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Where are the pavers?
Veteran's committee member provides explanation
Tom Trost has received some inquiries from people who have purchased engraved pavers for the new Veteran's Memorial Park, which will be built at the site of North St. Paul's former Cannon Park.
Up to this point, the Veteran's Memorial Park Foundation has sold 450 pavers and 34 group pavers, and received monetary contributions of just over $103,531. Residents from around the Twin Cities and as far away as California have bought pavers.
Beyond local donations, $100,000 in state funding for the project was approved by the Legislature and signed by Gov. Mark Dayton this spring.
The North St. Paul American Legion Post No. 39, VFW Post No. 1350, North High Air Force JROTC and the city are cooperating on the project, which will be a public memorial to military veterans and their loved ones.
Where are they?
The answer: still in the works, but progress is being made, said Trost, a member of the park committee. The foundation submitted $18,500 to pay for 445 engraved pavers in late July. More recently, the special granite required for the project was ordered for $24,170.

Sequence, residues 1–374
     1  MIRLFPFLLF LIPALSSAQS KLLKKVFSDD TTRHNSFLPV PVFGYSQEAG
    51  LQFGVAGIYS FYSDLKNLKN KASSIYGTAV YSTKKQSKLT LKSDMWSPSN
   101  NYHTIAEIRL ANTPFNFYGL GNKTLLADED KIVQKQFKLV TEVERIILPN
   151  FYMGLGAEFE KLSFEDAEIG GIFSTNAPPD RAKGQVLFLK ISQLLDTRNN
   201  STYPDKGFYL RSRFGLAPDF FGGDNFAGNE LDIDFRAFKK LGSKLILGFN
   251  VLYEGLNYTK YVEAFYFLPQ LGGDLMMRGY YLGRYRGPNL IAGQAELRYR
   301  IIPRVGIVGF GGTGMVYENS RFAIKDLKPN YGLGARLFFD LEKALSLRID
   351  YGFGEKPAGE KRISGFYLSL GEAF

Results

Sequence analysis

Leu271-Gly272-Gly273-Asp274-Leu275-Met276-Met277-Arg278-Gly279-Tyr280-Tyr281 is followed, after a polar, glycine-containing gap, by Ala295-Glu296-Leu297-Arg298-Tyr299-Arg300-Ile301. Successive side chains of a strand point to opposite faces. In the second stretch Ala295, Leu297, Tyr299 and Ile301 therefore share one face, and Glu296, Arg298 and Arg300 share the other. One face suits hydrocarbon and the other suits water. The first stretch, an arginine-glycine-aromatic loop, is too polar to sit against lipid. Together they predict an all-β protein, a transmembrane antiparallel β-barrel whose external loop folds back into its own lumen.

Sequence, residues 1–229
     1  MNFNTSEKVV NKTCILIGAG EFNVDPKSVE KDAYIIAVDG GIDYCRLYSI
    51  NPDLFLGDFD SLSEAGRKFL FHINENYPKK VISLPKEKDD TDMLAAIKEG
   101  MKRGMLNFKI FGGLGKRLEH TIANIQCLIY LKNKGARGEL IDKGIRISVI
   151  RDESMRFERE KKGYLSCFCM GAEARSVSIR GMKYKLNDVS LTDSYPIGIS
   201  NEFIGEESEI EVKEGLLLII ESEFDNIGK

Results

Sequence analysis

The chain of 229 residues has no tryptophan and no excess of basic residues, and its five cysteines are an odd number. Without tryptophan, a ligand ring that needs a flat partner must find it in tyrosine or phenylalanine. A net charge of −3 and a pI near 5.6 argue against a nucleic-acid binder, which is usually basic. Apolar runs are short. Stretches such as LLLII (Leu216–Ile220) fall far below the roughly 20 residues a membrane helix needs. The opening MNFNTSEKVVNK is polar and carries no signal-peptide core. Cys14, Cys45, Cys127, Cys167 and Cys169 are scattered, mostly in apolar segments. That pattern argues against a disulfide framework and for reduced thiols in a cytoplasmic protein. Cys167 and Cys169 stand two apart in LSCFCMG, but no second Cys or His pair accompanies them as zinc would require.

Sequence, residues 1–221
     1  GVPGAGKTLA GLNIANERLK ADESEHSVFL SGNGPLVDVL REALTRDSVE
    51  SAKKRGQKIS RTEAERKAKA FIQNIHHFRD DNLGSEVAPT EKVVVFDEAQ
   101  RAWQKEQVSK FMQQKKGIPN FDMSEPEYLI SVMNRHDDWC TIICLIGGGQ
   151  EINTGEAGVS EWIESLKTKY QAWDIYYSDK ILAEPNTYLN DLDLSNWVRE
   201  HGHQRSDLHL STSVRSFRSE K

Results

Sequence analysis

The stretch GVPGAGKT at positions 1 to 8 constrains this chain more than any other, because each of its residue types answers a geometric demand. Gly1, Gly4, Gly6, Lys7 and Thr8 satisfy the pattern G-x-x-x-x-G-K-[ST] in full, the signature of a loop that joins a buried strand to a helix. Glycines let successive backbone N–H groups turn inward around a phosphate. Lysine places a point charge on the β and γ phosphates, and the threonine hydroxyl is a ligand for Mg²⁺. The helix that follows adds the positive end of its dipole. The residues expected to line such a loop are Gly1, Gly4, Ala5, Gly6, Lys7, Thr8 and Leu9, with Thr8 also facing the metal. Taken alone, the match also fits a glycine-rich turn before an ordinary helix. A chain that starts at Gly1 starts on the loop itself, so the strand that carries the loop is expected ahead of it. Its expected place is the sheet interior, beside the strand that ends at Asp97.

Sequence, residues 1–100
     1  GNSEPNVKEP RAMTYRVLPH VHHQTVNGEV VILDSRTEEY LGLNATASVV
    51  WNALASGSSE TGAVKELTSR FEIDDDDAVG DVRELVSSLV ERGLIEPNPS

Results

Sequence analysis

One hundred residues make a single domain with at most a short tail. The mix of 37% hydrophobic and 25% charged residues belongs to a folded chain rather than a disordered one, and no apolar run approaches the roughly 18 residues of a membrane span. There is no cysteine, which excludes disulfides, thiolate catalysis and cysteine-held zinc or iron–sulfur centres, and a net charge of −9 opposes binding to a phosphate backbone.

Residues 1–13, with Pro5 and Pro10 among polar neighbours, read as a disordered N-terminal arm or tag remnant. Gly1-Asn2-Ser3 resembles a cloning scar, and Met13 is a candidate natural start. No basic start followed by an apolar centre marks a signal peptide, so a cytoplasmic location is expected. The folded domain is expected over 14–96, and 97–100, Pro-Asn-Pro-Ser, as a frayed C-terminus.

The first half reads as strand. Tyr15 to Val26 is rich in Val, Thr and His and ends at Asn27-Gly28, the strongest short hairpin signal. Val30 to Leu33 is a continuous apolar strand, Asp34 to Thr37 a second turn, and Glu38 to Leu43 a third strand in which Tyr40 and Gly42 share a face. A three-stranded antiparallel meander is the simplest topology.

Once the manufacturer completes work on the engraved stepping stones, members of the committee are going to "meticulously" check each brick to make sure everything is correct, Trost said. From there, the pavers will be stored until they're ready to be placed into the ground.
"Certainly, my wife wouldn't allow those in my garage," Trost joked, adding that pavers will be kept on city property.
The bricks will be engraved with the names of veterans and the U.S. military branches and installed on land at the northeast corner of Highway 36 and Margaret Street.
While it's still unclear when construction will begin, Mayor Mike Kuehn recently mentioned the spring of 2015 as a good guess.
"This is very, very exciting," Trost said. "We're finally moving forward. ... The city manager (Jason Ziemer) and I have gone through the pieces, and he's put together a good spreadsheet that identifies who is going to be responsible for what."
"We're just excited as well; I think the community's excited," Mayor Mike Kuehn said. "I think it will be wonderful to see not only the project break ground in the spring, but be fully completed two or three months after that. I think everybody is going to be very proud of that project."